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DCCCD Sustainability Summit, Workshop Explore Permaculture (and More)

photo of Toby Hemenway

Contact: Ann Hatch
(214) 378-1819; ahatch@dcccd.edu

For immediate release — March 26, 2014

(DALLAS) — Keeping in mind that saving resources and protecting the earth take the efforts of many generations, Dallas County Community College District’s 2014 Sustainability Summit will explore “green” practices through a number of speakers and free sessions about topics that apply to daily living and sustainable efforts.

The summit, which will be held on Wednesday, April 16, at North Lake College in Irving, will feature keynote speaker Toby Hemenway, author of “Gaia’s Garden: A Guide to Home-Scale Permaculture.” Lunch will be provided, but registration is required so that participants can receive their free lunch. To register, visit www.dcccd.edu/SustainabilitySummit.

Hemenway also will present a one-day workshop — part of DCCCD’s Clean Economy Series — on Thursday, April 17, at North Lake College. The workshop, which is open to the public, is $99 and will focus on “Urban Sustainable Principles and Practices.” To register, visit www.dcccd.edu/CleanEconomySeries.

Trane is a major sponsor for the 2014 DCCCD Sustainability Summit.

Permaculture expert Hemenway will kick off the summit with his keynote address at 8:30 a.m. in the performance hall. Workshops and sessions throughout the day will focus on a variety of topics as well as exhibitors who will share information about their green products and services. Participants also can learn about women across the globe who have initiated environmental projects in their communities during a free showing of the documentary “Arise.” Poster sessions will give attendees a chance to learn about several school- and community-based sustainability projects and programs.

Permaculture, which is the art and science of working with nature instead of against it, originally was envisioned as a practice that would be used for farms and rural properties; however, it also works well in cities and towns. Urban permaculturalists are finding productive ways to grow food on city lots, but — just as important — they are reforming food policy in cities, developing garden-based comprehensive school curricula, reducing energy and water use, legalizing graywater, providing disaster relief and leading the food justice movement.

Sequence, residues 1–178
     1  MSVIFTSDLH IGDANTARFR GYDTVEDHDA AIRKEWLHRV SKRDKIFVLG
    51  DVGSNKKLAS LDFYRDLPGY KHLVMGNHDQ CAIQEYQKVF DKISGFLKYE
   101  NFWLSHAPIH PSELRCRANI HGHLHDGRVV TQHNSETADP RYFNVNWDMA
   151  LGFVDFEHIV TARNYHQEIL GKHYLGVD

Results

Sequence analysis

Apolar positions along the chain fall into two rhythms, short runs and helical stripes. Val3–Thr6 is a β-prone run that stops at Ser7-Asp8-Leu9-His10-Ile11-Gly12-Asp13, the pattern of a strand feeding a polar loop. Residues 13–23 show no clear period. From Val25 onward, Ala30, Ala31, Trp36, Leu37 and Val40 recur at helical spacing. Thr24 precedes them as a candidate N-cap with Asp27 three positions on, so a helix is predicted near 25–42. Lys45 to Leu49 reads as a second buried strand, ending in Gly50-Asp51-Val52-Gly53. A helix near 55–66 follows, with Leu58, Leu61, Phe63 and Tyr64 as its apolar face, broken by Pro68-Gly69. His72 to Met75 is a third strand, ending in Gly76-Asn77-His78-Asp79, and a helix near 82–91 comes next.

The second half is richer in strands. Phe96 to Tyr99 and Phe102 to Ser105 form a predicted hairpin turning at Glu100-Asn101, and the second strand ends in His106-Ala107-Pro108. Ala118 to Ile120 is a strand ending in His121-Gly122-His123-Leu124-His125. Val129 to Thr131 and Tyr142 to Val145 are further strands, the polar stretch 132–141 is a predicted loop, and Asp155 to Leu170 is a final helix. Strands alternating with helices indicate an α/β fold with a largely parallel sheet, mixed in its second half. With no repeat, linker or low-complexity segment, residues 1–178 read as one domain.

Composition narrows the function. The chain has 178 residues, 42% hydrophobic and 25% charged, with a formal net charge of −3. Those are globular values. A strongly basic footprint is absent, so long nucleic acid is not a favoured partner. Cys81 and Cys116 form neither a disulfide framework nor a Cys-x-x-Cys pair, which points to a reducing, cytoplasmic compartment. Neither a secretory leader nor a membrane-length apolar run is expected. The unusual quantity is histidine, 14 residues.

“Growing more food is just the beginning and turns out to be the easy part of making towns more self-reliant,” said Hemenway. “Permaculturalists are changing antiquated farming laws in cities, bringing healthy food to upscale restaurants and the urban poor, and engaging in many other activities that are creating positive change.”

Following the 8:30 a.m. keynote by Hemenway, a book signing, poster sessions and time with exhibitors is scheduled from 9:15 to 9:45 a.m.; breakout sessions are scheduled at 10 and 11:15 a.m. After lunch, the movie “Arise” (80 minutes) will be screened at 1:15 p.m.; an outdoor session on North Lake’s community garden also will be presented at that time.

Hemenway, who has taught more than 60 permaculture design courses, has presented lectures and workshops at major sustainability conferences such as Bioneers, SolFest and EcoFarm; he also has lectured at Duke University, Tufts University, the University of Minnesota, the University of Delaware and many other educational venues.

The keynote speaker earned his biology degree from Tufts University. He worked as a researcher in genetics and immunology but eventually left biotechnology when he discovered the world of permaculture, which is a design approach that is based on ecological principles that create sustainable landscapes. After his career path changed, he and his wife, Kiel, spent 10 years creating a rural permaculture site in southern Oregon. The couple now lives in Sebastopol, Calif.

“Arise” presents the story of 13 women in five countries who have started environmental projects in their communities, towns and villages. A question-and-answer period, plus a panel discussion, are scheduled after the movie, which will be shown in room H200 in the Student Life Center.

Poster presentations and breakout sessions will be held in the T Building. Poster sessions will explore North Lake College’s Recyclemania marketing campaign; synthetic versus natural dyes, presented by the Girl Scouts; graphic design and sustainability, presented by the Art Institute of Dallas; Phi Theta Kappa’s community garden; aquaponics; the Green Diploma; and “My Lawn Mower and Me.”

The morning breakout sessions include a variety of topics: DCCCD best practices in sustainability, the state of water in Texas, the Coppell Nature Park, zero waste, the “Cease the Grease” program, water conservation, integrating sustainability into the college curriculum, energy resources, electrical energy production and many other subjects.

For more information, contact Georgeann Moss, who is coordinating the summit, at (214) 378-1823 or gemoss@dcccd.edu.

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